Archive for Transcription

The uses of Hanyu pinyin

Hànyǔ pīnyīn 汉语拼音 ("Sinitic Spelling") is the official romanization of the PRC.  It also comes with an official orthography which provides guidelines for word separation, punctuation, and how to deal with grammatical constructions.  An English translation of the basic orthographical rules by John Rohsenow can be found at the back of the various editions of the ABC Chinese-English Dictionary from the University of Hawai'i Press.

Read the rest of this entry »

Comments (34)

Too cool!

I suppose it's been around for at least 5-10 years, but I just encountered the expression "tài shuǎng le 太爽了" in the English informal sense of "cool!".  With 409,000 ghits, it seems to be fairly widespread, though not all of those ghits are to the informal sense of the English word (see the numbered items below for a variety of other meanings for this expression).

Read the rest of this entry »

Comments (8)

Of precious swords and Old Sinitic reconstructions, part 4

Previous posts in the series:

As mentioned before, the following post is not about a sword or other type of weapon per se, but in terms of its ancient Eurasian outlook, it arguably belongs in the series:

Read the rest of this entry »

Comments (10)

Of precious swords and Old Sinitic reconstructions, part 3

Previous posts in the series:

"Of precious swords and Old Sinitic reconstructions " (3/8/16)
"Of precious swords and Old Sinitic reconstructions, part 2 " (3/12/16)

The following post is not about a sword or other type of weapon per se, but in terms of its ancient Eurasian outlook, it arguably belongs in the series:

"Of felt hats, feathers, macaroni, and weasels " (3/13/16)

Read the rest of this entry »

Comments (20)

Of precious swords and Old Sinitic reconstructions, part 2

Part 1 in this series was posted here on 3/8/16 and dealt with a sword called Mòyé 鏌鋣 / 莫邪.  The post was followed by a vigorous discussion that revealed the existence of a large number of words for "sword" in other languages that sound like the reconstructed Old Sinitic form (roughly *mˤak-ja or /makzæ/), stretching westward across Eurasia.  Surprisingly, such words were found prominently in Slavic and Finno-Ugrian languages, but these were determined to be of Germanic origin.  There were also parallels in Caucasian languages.  All of this strongly suggested the possibility that further research along these lines would be rewarding.

Read the rest of this entry »

Comments (13)

Of precious swords and Old Sinitic reconstructions

In "The hand of god" (3/4/16), I cited a Chinese text in which the term Mòyé 鏌鋣 (the name of a famous sword in antiquity) came up.  The translation I provided rendered that term as "Excalibur", which caught the attention of a couple of commenters who wondered how one could get from Mòyé 鏌鋣 to "Excalibur", when all that Google Translate could offer is "ROBOT 鋣".

Read the rest of this entry »

Comments (33)

Missing G's

Michael Cannings sent in this photograph of a package of shelf mushrooms aka bracket fungi used in Chinese traditional medicine:

Read the rest of this entry »

Comments (10)

"Sherlock Holmes" and "clubfoot" in Chinese

Over at China Economic Review, Hudson Lockett has written an interesting piece worthy of the celebrated British sleuth:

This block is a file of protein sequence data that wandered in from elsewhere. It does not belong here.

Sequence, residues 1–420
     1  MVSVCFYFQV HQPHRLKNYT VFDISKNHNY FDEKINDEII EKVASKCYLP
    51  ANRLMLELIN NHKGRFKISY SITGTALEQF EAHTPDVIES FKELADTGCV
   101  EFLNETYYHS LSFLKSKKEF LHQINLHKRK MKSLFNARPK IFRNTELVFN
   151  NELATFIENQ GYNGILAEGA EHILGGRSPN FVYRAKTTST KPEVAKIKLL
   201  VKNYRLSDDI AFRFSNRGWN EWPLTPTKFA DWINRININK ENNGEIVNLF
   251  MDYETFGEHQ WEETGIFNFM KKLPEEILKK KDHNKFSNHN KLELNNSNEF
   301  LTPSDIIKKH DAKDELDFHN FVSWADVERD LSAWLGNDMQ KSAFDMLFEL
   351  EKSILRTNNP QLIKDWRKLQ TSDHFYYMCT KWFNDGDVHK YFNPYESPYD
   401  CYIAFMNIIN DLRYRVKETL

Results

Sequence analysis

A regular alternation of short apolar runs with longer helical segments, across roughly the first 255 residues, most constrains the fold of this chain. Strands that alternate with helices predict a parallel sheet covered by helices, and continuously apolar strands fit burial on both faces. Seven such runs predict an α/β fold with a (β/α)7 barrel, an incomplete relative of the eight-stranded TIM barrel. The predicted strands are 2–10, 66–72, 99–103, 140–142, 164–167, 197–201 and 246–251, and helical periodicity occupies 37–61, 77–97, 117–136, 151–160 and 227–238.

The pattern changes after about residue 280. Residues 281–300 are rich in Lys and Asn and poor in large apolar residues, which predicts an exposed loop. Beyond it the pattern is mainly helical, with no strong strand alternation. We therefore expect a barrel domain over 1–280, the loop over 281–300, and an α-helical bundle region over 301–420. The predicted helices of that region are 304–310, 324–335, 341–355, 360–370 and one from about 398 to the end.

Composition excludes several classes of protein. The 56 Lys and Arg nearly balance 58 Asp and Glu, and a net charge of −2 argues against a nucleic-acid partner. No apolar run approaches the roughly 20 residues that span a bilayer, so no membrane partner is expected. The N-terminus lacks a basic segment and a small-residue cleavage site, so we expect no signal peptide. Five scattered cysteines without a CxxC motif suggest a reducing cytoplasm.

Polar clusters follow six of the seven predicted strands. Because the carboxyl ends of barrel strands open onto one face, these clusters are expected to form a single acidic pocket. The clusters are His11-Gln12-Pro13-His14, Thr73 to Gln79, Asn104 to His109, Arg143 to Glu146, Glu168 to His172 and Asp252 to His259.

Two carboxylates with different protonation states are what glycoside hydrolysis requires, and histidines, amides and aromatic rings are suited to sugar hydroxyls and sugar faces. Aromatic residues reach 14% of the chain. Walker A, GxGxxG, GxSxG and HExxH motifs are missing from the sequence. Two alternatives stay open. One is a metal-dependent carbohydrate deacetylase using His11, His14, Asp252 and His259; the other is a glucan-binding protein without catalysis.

"The game is afoot! Why Chinese Sherlock fans are as confused as everyone else" (1/3/16)

It's all about how the Chinese term — mǎtí nèifān zú 马蹄内翻足 — for a congenital deformity referred to in English as "clubfoot" (talipes equinovarus [CTEV]) figures in the "slaveringly awaited"

New Year’s Day special episode of the series starring Martin Freeman and Benedict Cumberbatch.

Read the rest of this entry »

Comments (5)

Chinese names for the Lena River

[This is a guest post by Jichang Lulu]

The usual Chinese name for the Lena River is 勒拿河 Lèná hé. That's not a particularly felicitous transcription. Lèná rhymes with 圣赫勒拿 Shèng Hèlèná i.e. St Helena; it fails to reflect the palatalisation of the l in the Russian name. An alternative name transcribes the syllable ле with 列 liè, following the usual practice.

Read the rest of this entry »

Comments (18)

Still more on "Daesh"

After Tim Friese's comment at the end of our last post on Daesh, I almost didn't want to think about the word again, much less write about it.  But then I came across this article by Matthew Weaver in The Guardian:

"Syria debate: the linguistic battle over what to call Islamic State.  David Cameron has started calling the group Daesh – a name based on a derogatory Arabic acronym – leading to heated exchanges among MPs" (12/2/15)

Read the rest of this entry »

Comments (19)

More on "Daesh"

We've had a recent post on the pronunciation of this lightning rod of a word.

"Pronouncing 'Daesh' " (11/15/15)

From a colleague:

Guthrie's article* states:

"And the vowel which begins the word 'islaamiyya' becomes an 'a' sound when differently positioned in a word, hence the acronym being pronounced 'da’ish' when written in Arabic, and  the 'a' coming over into our transliteration of the acronym."

Read the rest of this entry »

Comments (23)

Tibetan –> Chinese –> Chinglish, ch. 2

This is a sequel to "Tibetan –> Chinese –> Chinglish " (11/11/15).

(‘Alone, Popecity’ 独克宗, a street sign on National Highway 214 at the entrance to Shangri-La, 2015. Photo: William Ratz)

Read the rest of this entry »

Comments (9)

Phonetikana

On the DramaFever website, Brendan Fitzgibbons has an interesting article that shows how "New font lets anyone learn Japanese" (10/17/14):

Read the rest of this entry »

Comments (13)